Nina Yusof remembers with fondness last Raya when everything went according to plan. Well, almost!
"I am always the one so excited; planning for everybody and hoping that we'd get ready in time to pray together before the Raya breakfast and then go to Malaysia Hall for prayers with the rest of the Malay Muslim community in London. And then come home to receive guests. Well, it was a bit hectic in the morning but we made it for prayers at Malaysia Hall together and then we had so many people who came to the house from morning and left quite late at night. It was wonderful," remembers Nina of the last Hari Raya. That was also to be the last Raya that she spent with her late husband, Faizal Abdul Aziz. More importantly, she remembers that before taking the usual Hari Raya photographs, they salam and asked for each other's forgiveness.
Faizal was taken away suddenly on 2nd April this year. He collapsed while taking his professional accountancy exams and died in hospital. He was 43. His death stunned the close-knit Malaysian community in London as he had no known illness; no warning of any health problems, no tell-tale signs that he would leave us so suddenly. The weekly congregation at the Malaysia Hall surau, of which he was a regular member, gathered to offer their prayers at the mortuary of the London Hospital in East London.
The very same crowd and more turned up almost every night at Nina's house for prayers and to give her support and mostly to let her know that she and her young children are not alone.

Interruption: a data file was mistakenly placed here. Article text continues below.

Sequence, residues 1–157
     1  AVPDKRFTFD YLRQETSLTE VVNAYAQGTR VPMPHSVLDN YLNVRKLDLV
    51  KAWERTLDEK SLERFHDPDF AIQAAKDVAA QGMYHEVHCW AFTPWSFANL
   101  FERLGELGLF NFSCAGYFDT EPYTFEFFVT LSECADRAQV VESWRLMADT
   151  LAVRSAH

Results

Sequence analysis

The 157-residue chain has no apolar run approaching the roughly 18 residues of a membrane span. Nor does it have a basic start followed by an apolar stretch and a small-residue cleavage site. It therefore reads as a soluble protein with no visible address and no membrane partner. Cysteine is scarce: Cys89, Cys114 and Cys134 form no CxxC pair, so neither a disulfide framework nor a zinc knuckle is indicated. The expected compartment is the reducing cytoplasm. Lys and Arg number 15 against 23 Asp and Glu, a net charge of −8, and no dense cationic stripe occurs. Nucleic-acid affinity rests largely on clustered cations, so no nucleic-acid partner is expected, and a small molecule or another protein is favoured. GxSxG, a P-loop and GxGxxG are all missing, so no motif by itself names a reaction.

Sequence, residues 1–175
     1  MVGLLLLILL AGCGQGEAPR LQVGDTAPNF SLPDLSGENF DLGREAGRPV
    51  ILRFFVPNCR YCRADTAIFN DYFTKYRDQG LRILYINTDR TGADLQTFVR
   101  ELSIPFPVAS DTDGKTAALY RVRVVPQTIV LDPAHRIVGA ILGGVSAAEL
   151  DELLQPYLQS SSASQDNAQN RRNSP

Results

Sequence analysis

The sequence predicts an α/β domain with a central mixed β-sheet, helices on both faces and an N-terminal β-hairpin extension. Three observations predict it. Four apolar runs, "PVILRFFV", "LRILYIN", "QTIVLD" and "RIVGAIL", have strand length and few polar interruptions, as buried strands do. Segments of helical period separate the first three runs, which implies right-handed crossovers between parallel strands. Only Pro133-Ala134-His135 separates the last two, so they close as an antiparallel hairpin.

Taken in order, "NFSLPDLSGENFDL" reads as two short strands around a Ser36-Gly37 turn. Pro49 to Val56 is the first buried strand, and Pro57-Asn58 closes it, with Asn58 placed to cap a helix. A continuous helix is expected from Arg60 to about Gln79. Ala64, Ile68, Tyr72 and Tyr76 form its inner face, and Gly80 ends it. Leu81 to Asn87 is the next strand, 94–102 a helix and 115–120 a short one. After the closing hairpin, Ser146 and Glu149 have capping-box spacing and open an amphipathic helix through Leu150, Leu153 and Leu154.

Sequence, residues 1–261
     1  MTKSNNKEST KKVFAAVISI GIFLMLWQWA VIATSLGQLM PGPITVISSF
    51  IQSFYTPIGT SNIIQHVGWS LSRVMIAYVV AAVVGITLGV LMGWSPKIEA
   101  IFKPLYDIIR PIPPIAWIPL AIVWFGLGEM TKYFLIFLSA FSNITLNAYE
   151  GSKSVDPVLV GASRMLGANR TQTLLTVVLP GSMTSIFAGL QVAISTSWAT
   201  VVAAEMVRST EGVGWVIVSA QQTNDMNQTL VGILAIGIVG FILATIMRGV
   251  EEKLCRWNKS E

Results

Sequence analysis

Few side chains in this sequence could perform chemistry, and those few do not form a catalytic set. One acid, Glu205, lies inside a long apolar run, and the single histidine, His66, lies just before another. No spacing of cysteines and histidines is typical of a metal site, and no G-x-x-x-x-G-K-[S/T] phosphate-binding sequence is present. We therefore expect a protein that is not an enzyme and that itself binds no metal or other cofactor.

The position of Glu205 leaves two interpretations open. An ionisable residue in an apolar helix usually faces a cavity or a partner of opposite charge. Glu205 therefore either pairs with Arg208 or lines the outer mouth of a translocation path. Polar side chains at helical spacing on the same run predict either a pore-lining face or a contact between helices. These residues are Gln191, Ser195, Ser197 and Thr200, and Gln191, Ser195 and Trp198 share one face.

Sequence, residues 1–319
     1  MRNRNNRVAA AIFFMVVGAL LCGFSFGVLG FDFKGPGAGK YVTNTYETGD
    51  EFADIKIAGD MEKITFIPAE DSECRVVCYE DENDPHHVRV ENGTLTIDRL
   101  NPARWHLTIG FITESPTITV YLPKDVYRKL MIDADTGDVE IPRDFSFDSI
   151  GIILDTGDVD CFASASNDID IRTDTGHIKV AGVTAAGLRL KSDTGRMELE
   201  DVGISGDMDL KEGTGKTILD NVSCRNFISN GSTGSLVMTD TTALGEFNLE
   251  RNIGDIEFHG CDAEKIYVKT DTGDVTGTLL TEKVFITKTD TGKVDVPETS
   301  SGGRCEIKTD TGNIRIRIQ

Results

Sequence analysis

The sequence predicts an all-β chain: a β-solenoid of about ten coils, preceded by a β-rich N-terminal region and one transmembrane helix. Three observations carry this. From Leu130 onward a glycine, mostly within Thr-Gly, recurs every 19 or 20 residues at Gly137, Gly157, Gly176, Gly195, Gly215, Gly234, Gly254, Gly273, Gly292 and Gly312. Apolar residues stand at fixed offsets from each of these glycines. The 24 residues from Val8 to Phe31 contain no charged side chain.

Nina knows this. Her children; Norman, 12 and Farah, 5, too realise they have 'uncles' and 'aunties' around when they need them. But none of us can fill the void that they feel, the emptiness that Nina vividly describes when she misses him so.
She has cried till there's no more tears to cry, she is picking up the pieces and she is moving on. But there are still those unexplained moments.
"Last week, I missed him so much. There's an emptiness I couldn't explain. I just wanted to be with him. So, I reached out for an old album. I looked at a photograph and the date is 3rd April 1999. He passed away on 2nd April 2009. It is exactly ten years. That was a picture of our day out picnicking at Virginia Waters with some friends. If I were to know then that in 10 years time he'd be gone, I would have been so, so sad," says Nina of her husband of just 13 years.
Nina knows that there will always be that empty seat at the dinner table, the one person not there at gatherings and functions and conversations that will refer to arwah in the past tense. She also knows that there will no longer be any requests for soup tulang for the breaking of iftar, and rendang daging served on Hari Raya will always remind her of him for he loved rendang daging.
"In fact, " she corrects herself as memories came rushing back, "he'd eat anything I put on the table, although initially he'd make a fuss because he said I cooked too much."
This raya, Nina says positively, instead of going straight home after the prayers at Malaysia Hall, she will drive the family straight to the Garden of Peace in Hainnault, for that is where Faizal is buried. She and her children had been visiting his grave regularly, but this Raya will be a special visit with some special prayers.
"This is something I must do with the children".